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Discussion in 'Pigeons and Doves' started by cdog49ers, Oct 6, 2013.
Hello, I was just wondering the point of raising dove is
Im not sure how to answer your question...Right now Im raising 2 squabs just because the parents are bad at it and to me its extremely rewarding. I dont mind being tired from 4 hourly feeds or stressed about if they'll pull thru, to see their little chirping faces is enough for me.
Pigeons as opposed to doves in general have many purposes. They are raced and can be worth a lot of money. Some people say if the world ends you should have pigeons for their homing skills so we can go back to using them as carriers of messages. Apparently their dung can also be used to make gun powder! They are also eaten but I know nothing about raising them for that purpose.
I know in Australia people raise doves specifically for weddings and other decorative purposes, to hire the birds out for occasions. They can be trained too.
Mostly I think they just make great pets.
I raise White Homing pigeons (in a perfect world) and here are some of my experiences in doing so.
White Homing Pigeons as a rule are hard to tame and do not like human contact.
Where doves are the exact opposite in almost all respects including homing ability..
However I am that exception to the rule.
When I enter the loft all I have to do is sit down and I am swarmed with pigeons.
When I am out in the yard I can call close to 15 birds on my command (In a perfect world if few people are around and keep their distance). If you bought an adult homer from me you would have only on alternative. That would be to keep the bird prisoner the rest of it's natural life.
Check out the link and see what one bird accomplished when it escaped.
I do enjoy dove calls but out side of that give me a good homing pigeon any day.
On another note:
Here is a recount of a memorable day in our household
My grand daughter's hand-raised, orphaned-homer failed to return on a 20 mile toss. It was one of the few times she did not accompany me on a release. She suffered tears and heartache when I told her of the loss.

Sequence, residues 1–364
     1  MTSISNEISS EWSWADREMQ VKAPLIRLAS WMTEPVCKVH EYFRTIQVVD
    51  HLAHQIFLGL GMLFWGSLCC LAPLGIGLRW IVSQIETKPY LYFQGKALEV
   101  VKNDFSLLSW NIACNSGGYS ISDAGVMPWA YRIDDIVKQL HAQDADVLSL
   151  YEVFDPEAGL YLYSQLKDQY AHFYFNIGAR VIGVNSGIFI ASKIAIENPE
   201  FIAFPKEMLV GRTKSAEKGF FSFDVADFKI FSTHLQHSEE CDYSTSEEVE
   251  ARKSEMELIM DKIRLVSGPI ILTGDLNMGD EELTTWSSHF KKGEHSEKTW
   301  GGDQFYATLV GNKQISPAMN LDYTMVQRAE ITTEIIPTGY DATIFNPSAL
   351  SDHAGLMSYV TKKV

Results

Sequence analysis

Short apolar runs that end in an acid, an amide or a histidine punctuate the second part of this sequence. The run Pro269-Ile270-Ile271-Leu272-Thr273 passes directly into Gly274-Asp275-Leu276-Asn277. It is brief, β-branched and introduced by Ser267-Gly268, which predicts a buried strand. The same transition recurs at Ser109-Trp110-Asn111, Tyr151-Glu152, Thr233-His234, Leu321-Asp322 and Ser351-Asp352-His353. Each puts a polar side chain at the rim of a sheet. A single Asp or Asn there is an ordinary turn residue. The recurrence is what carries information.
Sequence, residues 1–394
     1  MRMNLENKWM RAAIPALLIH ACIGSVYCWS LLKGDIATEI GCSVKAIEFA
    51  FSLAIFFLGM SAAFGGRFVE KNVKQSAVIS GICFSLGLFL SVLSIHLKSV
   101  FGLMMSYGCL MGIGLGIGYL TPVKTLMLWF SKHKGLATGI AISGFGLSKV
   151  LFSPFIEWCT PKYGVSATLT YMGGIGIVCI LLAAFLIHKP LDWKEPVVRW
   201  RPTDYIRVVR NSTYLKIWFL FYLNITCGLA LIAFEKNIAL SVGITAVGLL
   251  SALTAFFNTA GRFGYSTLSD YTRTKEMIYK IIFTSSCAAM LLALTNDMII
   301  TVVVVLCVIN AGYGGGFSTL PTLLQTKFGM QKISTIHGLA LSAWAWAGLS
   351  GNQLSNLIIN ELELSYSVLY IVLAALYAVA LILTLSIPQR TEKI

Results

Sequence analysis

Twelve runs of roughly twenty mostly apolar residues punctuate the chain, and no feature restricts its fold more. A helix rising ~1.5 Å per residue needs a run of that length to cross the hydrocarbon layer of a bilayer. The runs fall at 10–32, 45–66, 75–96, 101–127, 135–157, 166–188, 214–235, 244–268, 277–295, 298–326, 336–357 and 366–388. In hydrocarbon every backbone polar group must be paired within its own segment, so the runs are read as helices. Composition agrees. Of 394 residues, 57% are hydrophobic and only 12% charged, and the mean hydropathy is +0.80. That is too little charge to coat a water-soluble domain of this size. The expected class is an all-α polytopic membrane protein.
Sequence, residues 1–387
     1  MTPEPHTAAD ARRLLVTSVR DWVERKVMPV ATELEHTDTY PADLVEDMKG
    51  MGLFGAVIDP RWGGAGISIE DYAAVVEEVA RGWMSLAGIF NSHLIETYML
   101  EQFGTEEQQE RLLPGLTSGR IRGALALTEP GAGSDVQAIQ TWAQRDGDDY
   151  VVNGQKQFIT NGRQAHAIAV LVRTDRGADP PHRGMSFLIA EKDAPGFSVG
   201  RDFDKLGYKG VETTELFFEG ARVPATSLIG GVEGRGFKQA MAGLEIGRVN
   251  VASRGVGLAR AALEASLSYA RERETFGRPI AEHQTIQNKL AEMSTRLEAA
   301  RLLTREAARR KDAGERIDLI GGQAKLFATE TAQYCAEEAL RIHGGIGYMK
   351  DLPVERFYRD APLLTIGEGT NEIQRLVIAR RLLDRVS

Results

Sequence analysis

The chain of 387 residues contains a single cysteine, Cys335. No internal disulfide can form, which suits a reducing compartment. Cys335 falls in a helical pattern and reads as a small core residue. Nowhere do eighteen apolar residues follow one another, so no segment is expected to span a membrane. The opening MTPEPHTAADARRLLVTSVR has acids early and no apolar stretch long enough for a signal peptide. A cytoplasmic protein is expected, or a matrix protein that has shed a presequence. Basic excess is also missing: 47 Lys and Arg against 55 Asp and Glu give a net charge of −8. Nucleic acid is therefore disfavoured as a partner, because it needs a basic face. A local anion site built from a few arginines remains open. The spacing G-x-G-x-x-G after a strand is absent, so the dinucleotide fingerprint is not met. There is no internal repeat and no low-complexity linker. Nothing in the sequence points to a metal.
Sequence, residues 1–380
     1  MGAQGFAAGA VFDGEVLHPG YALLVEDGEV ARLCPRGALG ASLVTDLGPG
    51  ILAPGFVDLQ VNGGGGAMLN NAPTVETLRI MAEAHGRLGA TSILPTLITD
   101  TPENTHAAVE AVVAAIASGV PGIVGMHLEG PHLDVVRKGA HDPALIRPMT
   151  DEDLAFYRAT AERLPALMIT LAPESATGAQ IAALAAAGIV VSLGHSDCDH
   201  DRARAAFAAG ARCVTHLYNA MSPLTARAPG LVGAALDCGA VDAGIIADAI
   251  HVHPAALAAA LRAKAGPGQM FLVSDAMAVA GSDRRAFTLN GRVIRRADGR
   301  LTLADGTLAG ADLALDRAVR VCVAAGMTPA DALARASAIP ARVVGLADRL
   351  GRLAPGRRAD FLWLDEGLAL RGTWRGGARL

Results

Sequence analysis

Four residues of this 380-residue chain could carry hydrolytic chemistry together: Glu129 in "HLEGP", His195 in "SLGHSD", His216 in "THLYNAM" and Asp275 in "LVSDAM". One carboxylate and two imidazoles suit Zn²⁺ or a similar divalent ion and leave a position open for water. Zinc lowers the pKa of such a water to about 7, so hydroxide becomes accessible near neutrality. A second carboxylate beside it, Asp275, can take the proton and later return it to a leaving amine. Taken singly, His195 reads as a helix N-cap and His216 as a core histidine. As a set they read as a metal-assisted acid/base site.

Amazingly when I went to close up the loft at dusk what should come flying in but (her pigeon) Piper!
I checked him over and he was tore open from his neck to his tail feathers.
My first instinct was to put him out of his misery. I however brought him into the house for a better look. My wife flushed out the wound with a saline solution and I glued him back together with crazy glue. He was good to go in about 5 days
This is him incubating eggs after his ordeal. .
My grand daughter was On The MOON when I told her of Pipers return. Grand daughter has experienced love, loss, heartache. first aid, joy, responsibility, and kinship with yours truly. She has also developed special bonds with some of our doves who prefer her company over mine when she comes into the loft with me.
It has given her a good subject for presentation at school as well.
We also are starting up a small enterprise with white dove releases (Pipers parents were both solid snow white just for the record).
Grand daughter did her first dove release at a wedding last fall also another release for an anti bulling campaign at her grade school.
With the aid of the Internet she has also become somewhat of an authority on homing pigeons. She definitely knows more than the average 12 year old on the subject and can talk your ear off.
This was relayed to me by her teacher after she was forced to cut off a presentation she made when the question period looked like it was not going to end.
She would rather hang out with Hokum (her name for me since she was one) then any of her friends or parents (for that matter).
However she will be entering her teens next year (make-up and boys will probably soon shove me aside).
I know however that these birds have made her a better person regardless what comes in the future.
Plus I have another grand daughter who is only turned 3 and calls me Coco (since she was one).
Picture of Back Yard
Ok, I was just curious to what they do. Thank you!